Calculation of particle production by Nambu-Goldstone bosons with application to inflation reheating and baryogenesis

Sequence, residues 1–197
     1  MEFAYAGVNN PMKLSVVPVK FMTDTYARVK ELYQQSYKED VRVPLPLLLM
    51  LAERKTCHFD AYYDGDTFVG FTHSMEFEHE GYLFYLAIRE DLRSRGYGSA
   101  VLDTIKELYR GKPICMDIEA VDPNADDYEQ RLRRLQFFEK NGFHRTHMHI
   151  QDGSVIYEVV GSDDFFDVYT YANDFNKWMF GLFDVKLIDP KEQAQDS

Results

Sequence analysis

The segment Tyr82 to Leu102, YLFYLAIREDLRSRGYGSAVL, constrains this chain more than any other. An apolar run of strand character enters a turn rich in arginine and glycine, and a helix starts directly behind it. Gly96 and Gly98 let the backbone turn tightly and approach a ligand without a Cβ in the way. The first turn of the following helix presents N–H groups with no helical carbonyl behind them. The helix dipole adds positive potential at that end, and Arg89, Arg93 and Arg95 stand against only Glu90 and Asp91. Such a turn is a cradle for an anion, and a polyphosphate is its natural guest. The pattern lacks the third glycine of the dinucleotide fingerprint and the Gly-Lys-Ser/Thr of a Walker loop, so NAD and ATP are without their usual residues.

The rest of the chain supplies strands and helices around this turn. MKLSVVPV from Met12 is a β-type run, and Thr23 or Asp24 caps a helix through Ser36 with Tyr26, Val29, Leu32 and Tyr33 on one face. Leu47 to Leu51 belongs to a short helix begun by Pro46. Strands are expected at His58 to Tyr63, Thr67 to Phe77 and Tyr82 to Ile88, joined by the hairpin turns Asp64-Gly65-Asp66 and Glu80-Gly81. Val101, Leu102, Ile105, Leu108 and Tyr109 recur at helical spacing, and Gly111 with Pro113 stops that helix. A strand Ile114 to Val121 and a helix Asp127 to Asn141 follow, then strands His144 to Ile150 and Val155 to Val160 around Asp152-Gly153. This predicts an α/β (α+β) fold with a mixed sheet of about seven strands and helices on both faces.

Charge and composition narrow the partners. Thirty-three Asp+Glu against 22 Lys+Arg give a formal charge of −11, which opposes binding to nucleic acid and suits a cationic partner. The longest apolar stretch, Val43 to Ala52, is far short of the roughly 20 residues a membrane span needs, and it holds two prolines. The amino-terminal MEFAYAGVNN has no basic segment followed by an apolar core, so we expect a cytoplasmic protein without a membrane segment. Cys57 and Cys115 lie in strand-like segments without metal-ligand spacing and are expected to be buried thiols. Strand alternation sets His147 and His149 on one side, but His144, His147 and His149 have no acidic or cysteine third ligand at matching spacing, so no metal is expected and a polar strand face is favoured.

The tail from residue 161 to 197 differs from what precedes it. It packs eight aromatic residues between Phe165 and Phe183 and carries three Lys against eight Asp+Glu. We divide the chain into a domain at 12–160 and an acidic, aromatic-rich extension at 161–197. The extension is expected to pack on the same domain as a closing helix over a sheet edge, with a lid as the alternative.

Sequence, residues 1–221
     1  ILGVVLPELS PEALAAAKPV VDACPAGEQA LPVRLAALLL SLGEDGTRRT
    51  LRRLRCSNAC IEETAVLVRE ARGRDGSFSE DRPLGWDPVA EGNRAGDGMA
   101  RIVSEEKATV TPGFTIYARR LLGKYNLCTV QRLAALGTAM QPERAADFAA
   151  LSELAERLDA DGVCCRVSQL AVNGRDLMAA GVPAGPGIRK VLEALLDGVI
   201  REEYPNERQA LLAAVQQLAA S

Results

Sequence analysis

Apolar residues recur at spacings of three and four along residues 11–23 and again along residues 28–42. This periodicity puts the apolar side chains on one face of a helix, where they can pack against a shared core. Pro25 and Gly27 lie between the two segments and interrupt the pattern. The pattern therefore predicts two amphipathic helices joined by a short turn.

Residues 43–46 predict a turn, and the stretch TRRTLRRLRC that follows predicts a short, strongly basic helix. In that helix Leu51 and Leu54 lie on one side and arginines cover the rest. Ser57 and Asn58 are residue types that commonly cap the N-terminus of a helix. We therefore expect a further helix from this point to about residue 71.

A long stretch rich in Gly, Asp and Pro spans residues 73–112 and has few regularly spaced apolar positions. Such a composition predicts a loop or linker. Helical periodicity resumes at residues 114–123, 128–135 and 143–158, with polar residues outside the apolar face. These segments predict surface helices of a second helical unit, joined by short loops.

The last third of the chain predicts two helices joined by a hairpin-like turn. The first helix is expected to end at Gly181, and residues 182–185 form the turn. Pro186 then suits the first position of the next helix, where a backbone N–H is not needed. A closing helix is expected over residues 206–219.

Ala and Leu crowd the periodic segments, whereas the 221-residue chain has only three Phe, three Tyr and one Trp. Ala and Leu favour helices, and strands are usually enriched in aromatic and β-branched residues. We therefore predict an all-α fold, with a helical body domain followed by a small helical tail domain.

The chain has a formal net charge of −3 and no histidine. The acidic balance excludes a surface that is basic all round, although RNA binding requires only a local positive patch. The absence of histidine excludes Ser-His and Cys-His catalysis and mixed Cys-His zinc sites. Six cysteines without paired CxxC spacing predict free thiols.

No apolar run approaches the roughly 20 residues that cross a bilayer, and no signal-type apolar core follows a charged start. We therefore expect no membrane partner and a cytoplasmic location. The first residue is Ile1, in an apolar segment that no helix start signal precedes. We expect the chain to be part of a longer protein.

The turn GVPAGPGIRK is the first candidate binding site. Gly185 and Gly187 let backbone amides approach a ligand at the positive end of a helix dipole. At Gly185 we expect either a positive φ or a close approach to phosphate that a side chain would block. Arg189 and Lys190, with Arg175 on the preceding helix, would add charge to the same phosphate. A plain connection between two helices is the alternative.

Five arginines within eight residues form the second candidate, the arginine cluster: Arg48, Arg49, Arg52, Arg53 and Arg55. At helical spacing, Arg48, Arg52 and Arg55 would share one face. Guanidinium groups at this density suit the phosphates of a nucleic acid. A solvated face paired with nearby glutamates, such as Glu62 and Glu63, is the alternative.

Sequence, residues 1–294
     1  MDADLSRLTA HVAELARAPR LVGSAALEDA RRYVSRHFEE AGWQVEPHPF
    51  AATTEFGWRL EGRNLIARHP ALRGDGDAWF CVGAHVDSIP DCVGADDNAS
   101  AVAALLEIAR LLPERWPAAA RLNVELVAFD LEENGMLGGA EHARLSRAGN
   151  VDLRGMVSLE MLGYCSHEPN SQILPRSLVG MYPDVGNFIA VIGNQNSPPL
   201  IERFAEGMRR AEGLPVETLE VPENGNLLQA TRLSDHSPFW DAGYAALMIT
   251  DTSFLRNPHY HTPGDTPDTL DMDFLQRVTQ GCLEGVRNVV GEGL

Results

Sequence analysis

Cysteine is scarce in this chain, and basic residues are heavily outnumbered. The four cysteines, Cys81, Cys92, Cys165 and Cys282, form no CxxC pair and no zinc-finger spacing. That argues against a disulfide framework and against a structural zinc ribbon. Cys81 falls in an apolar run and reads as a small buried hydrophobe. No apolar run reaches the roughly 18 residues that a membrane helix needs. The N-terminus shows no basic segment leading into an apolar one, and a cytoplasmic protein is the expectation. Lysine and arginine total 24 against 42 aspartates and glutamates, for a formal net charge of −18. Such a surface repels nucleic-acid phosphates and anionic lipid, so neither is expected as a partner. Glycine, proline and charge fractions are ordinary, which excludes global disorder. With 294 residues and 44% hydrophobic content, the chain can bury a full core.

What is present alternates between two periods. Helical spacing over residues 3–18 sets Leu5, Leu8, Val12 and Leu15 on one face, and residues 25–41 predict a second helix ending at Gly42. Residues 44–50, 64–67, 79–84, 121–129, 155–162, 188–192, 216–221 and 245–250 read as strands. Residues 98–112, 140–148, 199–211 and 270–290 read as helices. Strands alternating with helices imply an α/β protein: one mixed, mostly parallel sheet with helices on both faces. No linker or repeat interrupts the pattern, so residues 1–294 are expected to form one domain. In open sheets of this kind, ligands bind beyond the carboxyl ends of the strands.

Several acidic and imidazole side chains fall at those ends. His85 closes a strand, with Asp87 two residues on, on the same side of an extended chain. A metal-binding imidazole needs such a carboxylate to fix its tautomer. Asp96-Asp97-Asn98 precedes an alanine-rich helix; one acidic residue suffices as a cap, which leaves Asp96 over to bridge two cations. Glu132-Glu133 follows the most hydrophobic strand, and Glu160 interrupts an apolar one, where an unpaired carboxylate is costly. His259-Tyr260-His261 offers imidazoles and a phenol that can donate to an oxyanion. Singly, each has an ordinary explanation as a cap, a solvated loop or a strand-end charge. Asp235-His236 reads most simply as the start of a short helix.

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<ul><li><p>PHYSICAL REVIEW D VOLUME 5 1, NUMBER 6 15 MARCH 1995 </p><p>Calculation of particle production by Nambu-Goldstone bosons with application to inflation reheating and baryogenesis </p><p>Alexandre Dolgov' and Katherine Freese Physics Department, University of Michigan, Ann Arbor, Michigan 48109 </p><p>(Received 12 October 1994) </p><p>A semiclassical calculation of particle production by a scalar field in a potential is performed. We focus on the particular case of production of fermions by a Nambu-Goldstone boson 0. We have derived a (non)local equation of motion for the 0 field with the back reaction of the produced particles taken into account. The equation is solved in some special cases, namely, for purely Nambu- Goldstone bosons and for the tilted potential U(0) a m2e2. Enhanced production of bosons due to parametric resonance is investigated; we argue that the resonance probably disappears when the expansion of the Universe is included. Application of our work on particle production to reheating and an idea for baryogenesis in inflation are mentioned. </p><p>PACS number(s): 98.80.Cq, 11.30.Fs, 14.80.M~ </p><p>I. INTRODUCTION </p><p>Nambu-Goldstone bosons (NGB's) are ubiquitous in particle physics: they arise whenever a symmetry is spon- taneously broken. If there is additional explicit sym- metry breaking, these particles become pseudo Nambu- Goldstone bosons (PNGB's). In this paper, we consider particle production by Nambu-Goldstone bosons as they rotate about the bottom of the "Mexican hat" potential, whether or not there is a tilt around the bottom (i.e., with or without explicit symmetry breaking). </p><p>The Nambu-Goldstone bosons, hereafter called 0, are assumed to couple to fermions; thus as the 0 field moves it is capable of producing these fermions. Here we perform a semiclassical calculation. The 0 field is treated clas- sically while the particles produced are quantized. The back reaction of quantum fermions on the evolution of the 0 field is calculated. Our motivation is to lay out a general way to perform such a calculation and to carry it out for a specific coupling. The primary results of our calculations in flat spacetime are Eqs. (2.21) and (2.22). We then demonstrate examples and generalize to curved spacetime with massive fermions. </p><p>Particle production by Nambu-Goldstone fields may have several applications. One is the QCD axion. An- other is particle production by the inflation field [I] in natural inflation [2]. Particle production is, of course, important for estimates of reheating in inflation. Many models of inflation involve "slowly rolling" fields that evolve down a potential. Subsequent to the "slowly rolling" epoch, there must be an epoch of reheating, where vacuum energy is converted into the production of radiation energy. The equation of motion for the in- flaton field is taken to be </p><p>'Permanent address: ITEP, Moscow, 117259 Russia. </p><p>0556-2821/95/5 1(6)/2693(10)/$06.00 </p><p>The term re is assumed to describe the reheating. r is taken to be the decay rate of the inflaton field. This heuristic term really describes much more complicated physics. In fact one should accurately calculate the pro- duction of particles and its back reaction on the inflaton field as it rolls down the potential. Previous work on this subject includes [3,4]. </p><p>In addition, there may be a mechanism for baryoge- nesis during natural inflation. If the equivalent of the Peccei-Quinn field can be made to carry baryon number, one may be able to do baryogenesis as the inflaton is rolling down its potential. This has several nice features: (i) the same field would be responsible for both infla- tion and baryogenesis and (ii) the inflaton could reheat to very low temperatures, perhaps as low as nucleosyn- thesis temperatures of - MeV. [In fact, for this mech- anism to work one would have to reheat to below the electroweak temperature to avoid sphaleron destruction, if it is operative; alternatively the inflaton could gener- ate nonvanishing (B - L) asymmetry which is preserved by sphalerons.] The approach is similar to proposals of Affleck and Dine [5] and Cohen and Kaplan [6]. I t is assumed that the inflaton field @ is complex and has a nonvanishing baryon number. The corresponding baryon current generated by the classical rolling down of the in- flaton field is essentially equal to the angular momentum of the two-dimensional mechanical motion in the plane (Re@, Im@). Thus, as the field rolls in one direction, it preferentially creates baryons over antibaryons, while the opposite is true as it rolls in the opposite direction. (We assume that the decays during reheating are baryon num- ber conserving.) Thus, no CP violation is required of the particle physics; instead those regions of the Universe in which the inflaton by chance rolls down the potential in one direction turn out to be baryon dominated, while those that roll down the other direction turn out to be antibaryon dominated. Conveniently, each of these re- gions is inflated to be very large, so that it makes sense for our baryon-dominated region to be large enough to encompass our observable Universe. The requirements to create a specific particle physics model for this proposal </p><p>51 2693 - @ 1995 The American Physical Society </p></li><li><p>2694 ALEXANDRE DOLGOV AND KATHERINE FREESE - 5 1 </p><p>are restrictive and are discussed below. In Sec. 11, we discuss the sample Lagrangian we con- </p><p>sider, and calculate the particle production for this case. First we perform the calculation in the absence of ex- pansion of the Universe, and for production of massless fermions. In Sec. 111, we apply the results to two specific examples: (i) a scalar 0 rotating in a potential without explicit symmetry breaking, and (ii) the same scalar but now oscillating near the minimum of a quadratic poten- tial produced by explicit symmetry breaking; for exam- ple, such a potential may give rise to inflation. In Sec. IV, we include the effects of expansion of the Universe and fermion masses. We also discuss the possibility of para- metric resonance [3,7,8] whereby large numbers of scalars might be produced during reheating in inflation. We ar- gue that there is probably no resonance if one includes the expansion of the Universe. In Sec. V, we discuss the possible application to inflation, particularly to the model of natural inflation. The baryogenesis model men- tioned above is discussed in this section. In Sec. VI we conclude. </p><p>11. PARTICLE PRODUCTION IN A SIMPLE MODEL </p><p>A. Lagrangian </p><p>We first describe a simple model in which we calculate particle production. Consider the fundamental action for a complex scalar field @ and two fermions Q and L: </p><p>Note that Q and L can be any fermions, not necessarily quarks and leptons of the standard model. For example, they can be heavy fermions; they may be given some of the same quantum numbers as particles in the standard model if they couple to ordinary quarks and leptons. For this section of the paper, we will take the intrinsic mass of the Q and L fields to be zero, and will include mass effects in later sections. </p><p>This action is invariant under the appropriate U( l ) symmetry. For example, in this paper, we will take the Lagrangian to be invariant under </p><p>Equation (2.2a) is the symmetry we will use for the rest of the paper. </p><p>We did, however, want to point out that a very sim- ilar analysis would apply to the case of global chiral U(1) symmetry in a Lagrangian with Yukawa coupling ~ $ L $ R @ . Here subscripts L and R refer to left- and right-handed projections of the fermion fields, $R,L = (1 3z y5)$/2. This Lagrangian is invariant under </p><p>which is the Peccei-Quinn (PQ) symmetry [9] in axion models. Then the current would be J" = 4ypy5$. Al- though we do not explicitly analyze this case, it would be very similar to the one we do look at. </p><p>We assume the global symmetry is spontaneously bro- ken at the energy scale f in the usual way, e.g., via a potential of the form </p><p>The resulting scalar field vacuum expectation value (VEV) is </p><p>Below the scale f , we can neglect the superheavy radial mode of @(mradial = f ) since it is so massive that it is frozen out. The remaining light degree of freedom is the angular variable 4 , the Goldstone boson of the spontaneously broken U( l ) [one can think of this as the angle around the bottom of the Mexican hat described by Eq. (2.3)]. For simplicity of notation, we introduce the dimensionless angular field 0 = 41 f . We thus study the effective Lagrangian [10,11] for 0: </p><p>The global symmetry is now realized in the Goldstone mode: Lee is invariant under </p><p>At this stage, 0 is massless because we have not yet ex- plicitly broken the symmetry. </p><p>With a rotation of the form in Eq. (2.6) with a = -0, the Lagrangian can alternatively be written </p><p>where the fermion current derives from the U(1) symme- try; here, J p = Q y , ~ . </p><p>B. Explicit symmetry breaking </p><p>Our subsequent analysis of particle production applies whether or not the symmetry is further broken explic- itly. Several options exist for explicitly breaking the global symmetry and generating a PNGB potential a t a mass scale N A. Models include the schizon models of [12]. Another possibility is the QCD axion [13]: dy- namical chiral symmetry breaking through strongly cou- pled gauge fields. When QCD becomes strong at a scale AQcD - GeV, instanton effects become important. Chi- ral dynamics induces a fermion condensate, (q$) - A3, and the potential for the angular PNGB field becomes </p></li><li><p>5 1 - CALCULATION OF PARTICLE PRODUCTION BY NAMBU- . . . 2695 </p><p>Such a potential is used in the case of natural inflation, al- though at higher mass scales, and will be discussed later. </p><p>C. Equations of motion </p><p>The equations of motion for the Q fields are </p><p>and </p><p>The combination of these two equations can be written </p><p>8,Jg = 8,(QypQ) = -igf (QL - LQ). (2.10) </p><p>The equation of motion for 0 is </p><p>The equation of motion for the L fields, which we as- sume does not transform under the symmetry, is </p><p>As above, if we add the equation of motion for the L field, we find </p><p>8,(LrpL) = -igf (QL - LQ). (2.13) </p><p>D. Particle production </p><p>Here we calculate the production of Q and L particles by the angular 0 field as it rotates around the Mexican hat (which may or may not be tilted). For the moment we will neglect expansion of the Universe. </p><p>For convenience we will define </p><p>so that Eq. (2.9) becomes </p><p>We will solve perturbatively the Heisenberg equations of motion presented above. We will take the free field Qin to satisfy yp8,Qin = 0, and make a perturbation expansion Qo = Qin + ~ Q I . Equation (2.15) is solved by </p><p>Qo(x) = Qin(z) + igf Q (27 Y ) L ( Y ) ~ - ~ ' ( ~ ) , (2.16a) </p><p>where to lowest order we will take L = Lin inside the integral. Here GQ is the retarded Green's function for the </p><p>Q field and satisfies 8,y"GQ (x, y) = b4(x - y). Similarly, the solution to Eq. (2.12) is </p><p>We take the vacuum expectation value (in Heisenberg picture) </p><p>We perform a semiclassical treatment, where the 0 field is treated classically while the fermion fields are quantized and via the equations of motion determine the evolution of 0. To first order in g, the right-hand side of Eq. (2.17) is (LinQin) = 0. Working to second order in g, we substi- tute Eq. (2.16a) into Eq. (2.14), and plug that into the right-hand side of (2.17) to obtain </p><p>Here, GQ and GL are the Green's functions for the Q and L fields. For the case of massless fermions, GL = GQ. </p><p>We now quantize the free-fermion fields: </p><p>where b i and dit are annihilation and creation operators a t momentum k and spin s for particles and antiparticles, respectively. The quantization for the free Lin field is similar. Now we evaluate the right-hand side of (2.17). The details of the calculation are discussed in Appendix A. As shown there, we find that </p><p>and a similar expression for the quarks. After much algebra (presented in Appendix A), we find </p><p>0 </p><p>( D ~ O + u ' (e ) l f2 ) = -- Yz2 Am dww2 lm dt' sin(2wt1) sin[B(t + t') - e(t)]. </p></li><li><p>2696 ALEXANDRE DOLGOV AND KATHERINE FREESE </p><p>As shown in Appendix A, after the w integration is done and with some algebra, this equation becomes </p><p>( n 2 0 + u1(o)yf2) = - lim JO dtl [ cos 2wt1 - 1 ] p ( t + t') cos A0 - B2(t + t') sin AQ] . 7r2 w + w -, t' </p><p>Here w tends to infinity and we have defined A0 - B(t + t') - O(t). </p><p>Equations (2.21) and (2.22) are the major results of this section. To reiterate, these equations describe the evolution of the 0 field with production of massless fermions taken into account in a semiclassical approxi- mation. So far the expansion of the Universe has not been included. </p><p>111. EXAMPLES </p><p>In this section we will apply Eq. (2.21) to two exam- ples. First we will consider the case of U'(0) = 0. This is the case where there is no explicit symmetry breaking. Thus the potential looks like an ordinary Mexican hat, in which every point around the bottom is equivalent. For example, there is no tilt (no cosine potential). Another situation in which this case would be relevant is the case when the rotation proceeds so far up in the Mexican hat that the details around the bottom are irrelevant and can be ignored. </p><p>The second example we will consider is one that would be relevant to inflation, namely oscillations around the bottom of a tilt in the potential. In this case U1(B) # 0 and there is explicit breaking of the symmetry. </p><p>Case I: U'(0) = 0: In this first case, we consider a simple Mexican hat with no explicit symmetry breaking. The zeroth order solution to Eq. (2.21) would be obtained by setting the right hand side, which is.proportiona1 to g2, to zero. The zeroth order solution is 0 = const. In other words, the field is simply rotating around in the Mexican hat with constant angular velocity. We substitute this ansatz B = const back into Eq. (2.21) to see what the corrections would be. The t' integral becomes </p><p>Thus, Eq. (2.21) becomes </p><p>If the field @ has been arranged to carry baryon num- ber, then the baryon number is shifted (via a baryon- </p><p>conserving decay) to the fermions. The baryon number of the fermions satisfies a, J p = f 28 from the equations of motion. Thus riB = f 28, where n B is the baryon number carried by the fermions. The change in baryon number carfied by the fermions is thus determined by the change in 0 via Ane = f2A0, similar to Ref. [5]. Here, all that has happened is that this. mechanism transfers the initial baryon number Bi = f 20i into the quarks. Subscripts i refer to initial values. Thus, it is an initial value problem: to get the right value today one would need exactly the right value of Oi. We are not proposing this as a likely explanation for the baryon content of.our Universe. </p><p>The solution to Eq. (3.1) is 0 = 27rOi/(27r + g2tBi) and 0 = 2n'gP2 1n(27r+g2tBi) +Oi. Here Oi is the initial value of 0. Thus,.we have checked that in the short time or small u limit, 0 const was reasonable. We wish, however, to iemind the reader that the expansion of the universe has not vet been included here. </p><p>Case 11: Oscillations around the minimum...</p></li></ul>